Tips for Preparing for a Business Lawsuit

If you are a business owner, the last thing you want to think about is dealing with a lawsuit. However, it is important to take steps to be as prepared for any potential litigation as you can. In fact, taking steps to prepare before you are sued or need to sue another party, can save you a significant amount of money.

Most business litigation attorneys charge by the hour, so any measures you can take to be organized and efficient will benefit you financially as well as assist your lawyer in effectively representing you. Below are a few tips on things to implement in your business’s record-keeping and general organization of documents:

  • Maintain a detailed calendar. You may think you will always remember the day events occur, but as time passes our memories get blurrier. Keeping a very detailed calendar can help prove where you were on the day the events in question occurred. Calendar entries that are most helpful in litigation state where you were, who else attended, and what activities were taking place. While these may seem like mundane details, they can later prove to be extremely important. Dates can also be critical in determining statutes of limitations, which is the deadline for when a lawsuit must be filed.
  • Keep a thorough record of meetings. If your board of directors, shareholders, managers or even employees have a meeting, recording what is discussed and who was present at the meeting is important. Many times the issue in a lawsuit is when you became aware of the problem and, if you were not at a meeting where the issue was discussed, your notes from the meeting can prove you did not have notice on that date.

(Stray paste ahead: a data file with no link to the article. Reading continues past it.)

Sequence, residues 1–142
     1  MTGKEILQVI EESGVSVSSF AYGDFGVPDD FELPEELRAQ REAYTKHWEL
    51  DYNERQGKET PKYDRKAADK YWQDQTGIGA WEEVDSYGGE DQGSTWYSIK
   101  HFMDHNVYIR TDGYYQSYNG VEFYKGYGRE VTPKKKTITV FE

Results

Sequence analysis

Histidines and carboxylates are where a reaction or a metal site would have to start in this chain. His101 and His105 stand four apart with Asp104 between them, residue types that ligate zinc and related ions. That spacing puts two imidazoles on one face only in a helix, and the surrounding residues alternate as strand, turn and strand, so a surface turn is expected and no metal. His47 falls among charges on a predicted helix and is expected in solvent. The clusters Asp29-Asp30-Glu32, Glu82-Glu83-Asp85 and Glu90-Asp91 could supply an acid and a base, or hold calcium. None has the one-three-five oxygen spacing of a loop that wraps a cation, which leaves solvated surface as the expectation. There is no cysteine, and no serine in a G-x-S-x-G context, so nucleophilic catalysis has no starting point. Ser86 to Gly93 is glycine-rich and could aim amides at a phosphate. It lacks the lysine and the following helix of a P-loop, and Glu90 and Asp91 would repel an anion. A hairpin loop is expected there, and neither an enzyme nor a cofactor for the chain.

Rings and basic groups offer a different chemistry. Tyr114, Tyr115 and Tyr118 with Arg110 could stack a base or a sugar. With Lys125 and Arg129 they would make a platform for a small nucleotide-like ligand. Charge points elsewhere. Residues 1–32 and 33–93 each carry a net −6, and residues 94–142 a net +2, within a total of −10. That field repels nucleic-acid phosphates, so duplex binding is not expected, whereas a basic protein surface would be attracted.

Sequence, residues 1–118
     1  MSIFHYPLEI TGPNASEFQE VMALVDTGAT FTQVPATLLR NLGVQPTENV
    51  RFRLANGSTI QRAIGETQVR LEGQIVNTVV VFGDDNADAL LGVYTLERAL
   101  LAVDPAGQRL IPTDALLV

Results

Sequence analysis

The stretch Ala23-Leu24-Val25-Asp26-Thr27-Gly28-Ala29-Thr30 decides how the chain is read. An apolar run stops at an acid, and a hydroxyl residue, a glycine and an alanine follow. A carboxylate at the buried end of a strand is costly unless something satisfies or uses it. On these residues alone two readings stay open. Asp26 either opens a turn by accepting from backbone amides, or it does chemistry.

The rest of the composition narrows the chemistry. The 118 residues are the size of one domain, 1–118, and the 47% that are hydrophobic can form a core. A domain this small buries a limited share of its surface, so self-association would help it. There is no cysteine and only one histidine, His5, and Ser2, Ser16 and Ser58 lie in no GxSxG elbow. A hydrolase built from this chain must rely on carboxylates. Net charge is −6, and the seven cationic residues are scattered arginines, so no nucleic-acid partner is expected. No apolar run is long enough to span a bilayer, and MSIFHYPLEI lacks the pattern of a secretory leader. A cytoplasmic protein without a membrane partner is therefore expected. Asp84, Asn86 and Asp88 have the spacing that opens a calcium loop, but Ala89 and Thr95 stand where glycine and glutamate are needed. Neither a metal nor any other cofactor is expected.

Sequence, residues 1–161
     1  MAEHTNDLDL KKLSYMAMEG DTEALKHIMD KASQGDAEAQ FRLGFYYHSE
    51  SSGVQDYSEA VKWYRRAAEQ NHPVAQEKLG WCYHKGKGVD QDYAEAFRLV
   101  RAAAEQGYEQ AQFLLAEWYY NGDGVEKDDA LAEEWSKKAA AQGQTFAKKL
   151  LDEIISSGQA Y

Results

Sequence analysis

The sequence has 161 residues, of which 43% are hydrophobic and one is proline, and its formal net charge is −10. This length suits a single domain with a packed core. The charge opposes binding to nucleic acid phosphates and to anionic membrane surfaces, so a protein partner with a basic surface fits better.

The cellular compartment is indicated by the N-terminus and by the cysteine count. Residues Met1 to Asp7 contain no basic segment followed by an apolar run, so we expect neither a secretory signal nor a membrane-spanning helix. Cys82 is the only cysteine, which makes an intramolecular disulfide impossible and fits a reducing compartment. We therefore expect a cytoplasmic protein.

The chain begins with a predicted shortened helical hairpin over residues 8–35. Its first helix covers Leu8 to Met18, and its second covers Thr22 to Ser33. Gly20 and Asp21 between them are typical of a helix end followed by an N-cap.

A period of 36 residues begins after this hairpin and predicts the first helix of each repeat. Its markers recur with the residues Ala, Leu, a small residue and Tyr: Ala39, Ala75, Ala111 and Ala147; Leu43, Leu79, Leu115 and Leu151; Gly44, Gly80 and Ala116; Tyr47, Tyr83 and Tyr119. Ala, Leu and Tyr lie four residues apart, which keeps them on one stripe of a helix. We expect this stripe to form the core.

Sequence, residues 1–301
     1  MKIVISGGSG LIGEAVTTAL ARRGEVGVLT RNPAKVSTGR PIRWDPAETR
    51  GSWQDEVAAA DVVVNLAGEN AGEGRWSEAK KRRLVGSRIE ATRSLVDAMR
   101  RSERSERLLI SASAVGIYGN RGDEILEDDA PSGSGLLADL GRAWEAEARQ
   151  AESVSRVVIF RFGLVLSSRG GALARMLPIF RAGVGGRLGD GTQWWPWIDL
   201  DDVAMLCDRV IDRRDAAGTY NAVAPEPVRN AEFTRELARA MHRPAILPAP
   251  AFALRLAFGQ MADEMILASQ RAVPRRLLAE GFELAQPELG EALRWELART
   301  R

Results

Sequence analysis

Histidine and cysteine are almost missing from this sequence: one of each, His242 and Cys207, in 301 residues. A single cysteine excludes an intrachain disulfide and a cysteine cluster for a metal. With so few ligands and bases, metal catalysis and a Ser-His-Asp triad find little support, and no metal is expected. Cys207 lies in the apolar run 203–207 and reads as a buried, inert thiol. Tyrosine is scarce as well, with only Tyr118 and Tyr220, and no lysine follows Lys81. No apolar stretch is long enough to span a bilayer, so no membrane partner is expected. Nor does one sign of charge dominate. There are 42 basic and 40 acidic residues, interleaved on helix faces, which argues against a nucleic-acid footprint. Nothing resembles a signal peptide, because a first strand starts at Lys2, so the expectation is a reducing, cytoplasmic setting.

• Take notes regarding important conversations. While this may seem like a waste of your time, judges and juries tend to view notetakers as being meticulous, reliable and honest. Claiming that you remember word-for-word a conversation that occurred years ago seems unlikely; however, reviewing notes that refresh your memory is much easier to believe. A few details that you should include in notes summarizing conversations are the topic of discussion, the parties involved, any specific risks or concerns that arose, and whether an argument or disagreement occurred. Your notes do not have to be lengthy, just enough to jog your memory later and to help prove your position.
  • Keep unused drafts of documents. A common issue in business litigation is the intent of the parties. Information that is added or deleted from negotiated documents can demonstrate intent.
  • Prepare a timeline. Before meeting with your attorney, draft a timeline of events. A chronology can help organize what occurred and who is involved. All the documents you have maintained will help you prepare the timeline so your attorney can easily see when events, meetings, conversations, and other important occurrences happened.

Following the above steps can make mean the difference between a victory and a loss in litigation. If your business is being sued or is seeking to file a lawsuit against another party, contact Mailly Law. We are experienced in a wide variety of business litigation matters and we stand ready to fight for you.